What Should you do with Social Media?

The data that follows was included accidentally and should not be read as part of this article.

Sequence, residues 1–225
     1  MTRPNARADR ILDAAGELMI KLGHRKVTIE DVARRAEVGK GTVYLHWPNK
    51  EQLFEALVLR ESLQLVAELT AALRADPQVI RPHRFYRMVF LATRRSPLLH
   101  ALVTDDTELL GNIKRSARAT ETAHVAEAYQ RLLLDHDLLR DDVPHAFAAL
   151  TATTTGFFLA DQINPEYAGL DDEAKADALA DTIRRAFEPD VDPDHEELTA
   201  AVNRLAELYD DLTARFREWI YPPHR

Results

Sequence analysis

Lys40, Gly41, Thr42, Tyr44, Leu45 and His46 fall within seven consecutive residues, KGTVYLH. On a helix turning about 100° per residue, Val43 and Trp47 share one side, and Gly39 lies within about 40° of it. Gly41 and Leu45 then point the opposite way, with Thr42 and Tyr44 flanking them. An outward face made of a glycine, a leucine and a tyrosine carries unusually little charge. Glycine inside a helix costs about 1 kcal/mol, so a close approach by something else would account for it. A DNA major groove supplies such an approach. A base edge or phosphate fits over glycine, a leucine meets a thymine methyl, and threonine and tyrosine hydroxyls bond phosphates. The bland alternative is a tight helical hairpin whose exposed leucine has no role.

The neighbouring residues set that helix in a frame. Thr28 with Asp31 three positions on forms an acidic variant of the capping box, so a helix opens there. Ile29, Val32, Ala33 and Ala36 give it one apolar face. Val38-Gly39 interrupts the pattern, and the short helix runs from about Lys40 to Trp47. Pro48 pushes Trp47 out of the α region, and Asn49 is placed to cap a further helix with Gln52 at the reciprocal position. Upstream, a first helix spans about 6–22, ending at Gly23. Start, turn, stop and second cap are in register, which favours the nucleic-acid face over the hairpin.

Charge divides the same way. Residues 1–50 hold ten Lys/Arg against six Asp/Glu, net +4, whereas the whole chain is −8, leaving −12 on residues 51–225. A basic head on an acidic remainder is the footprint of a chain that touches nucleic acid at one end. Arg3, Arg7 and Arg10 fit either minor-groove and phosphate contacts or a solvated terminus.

I am seeing and hearing a lot of charities talking and requesting funding to establish a social media plan and presence. I don’t claim to be an expert in the field but here are my current thoughts for what it’s worth. The driving aspect of social media is media. At root these are just additional vehicles for you to share your story and build your community. If you haven’t figured out your Values/Vision/Mission and general marketing approaches you won’t find answers in facebook and twitter. Start with the basics of organizational identity and make sure you have something to say before you come in to the party. That said, the entire culture of social media lends itself to experimentation rather than polished presentation. Don’t spend a huge amount of time trying to figure out how to become involved. Jump in, play around, and see what you can explore. Follow Seth Godin’s advice; start now and make it up as you go along. Like learning a new language, it comes more quickly through immersion. Be wary of social media consultants. Social media is more like the wild west than an academic library. With so much novelty and uncertainty there are few reliable experts or proven strategies. It is nearly impossible to determine the key credentials for evaluating potential hired guides. In many cases there might be better return from just figuring out who in your current organization is already native to the world of internet community and give them the encouragement and opportunity to lead. You may be surprised at how quickly things spread to the rest of your team. The key to all social media is consistency. According to Southwest Airlines inflight magazine a large majority of twitter accounts are dormant, out of date blogs are much worse than no blog at all, and if people are going to be looking for you on your facebook page you had better be sure you see their post quickly. Someone in your organization needs to go to sleep with social media on their mind if you want to make this truly strategic instead of a random dabble. It all starts with having a website that quickly and effectively communicates what your organization is all about. Without this in place, social media is like having a beautiful facade on a rundown hovel. You need to be sure that visitors to your site can easily access the heart of your work and that your contact info is immediately available. I love the work that Peer Giving Solutions is doing with donor based websites for people like those at Trinity Western University. A blog is a great centrepiece to social media. See Absolute.org’s 52 Stories blog for an example of how regularly updated, excellent storytelling can be compelling. You don’t need to have superior writing; a few paragraphs describing an upcoming event, reviewing a favourite resource, or letting us know what’s being discussed around the water cooler is enough. A readable blog isn’t just propaganda for yourselves, it’s a chance to become a voice on the issues and topics that are relevant to your organizational world. Tell us what some other people are doing right and we’ll be more likely to pay attention when you bring your own message. Facebook is a good way for people to associate. Putting up a page gives your stakeholders a place to claim their connection and interact. The ease with which you can post links, pictures, video, discussions, and events makes facebook a great multimedia tool. It’s not difficult to get people to sign up, but maintaining activity on your page is a challenge. Twitter is not inherently interactive, more of a broadcast medium. Very effective for giving quick updates (World Vision’s Dave Toycen gave compelling updates from Haiti within days of the earthquake), the real key probably isn’t in accumulating the most followers, but in moving people from twitter to your blog or website. Building a meaningful presence comes through being active in replying and retweeting, not just self-promotion. Youtube and Vimeo are effective for posting videos for promotion, training, or storytelling. Other social media tools are designed for easy synchronization with these. The audience tends to be younger and commentary can be far from gracious. Our friends at Next Level Leadership are hosting a training webinar on social media this Saturday morning for those eager to learn more.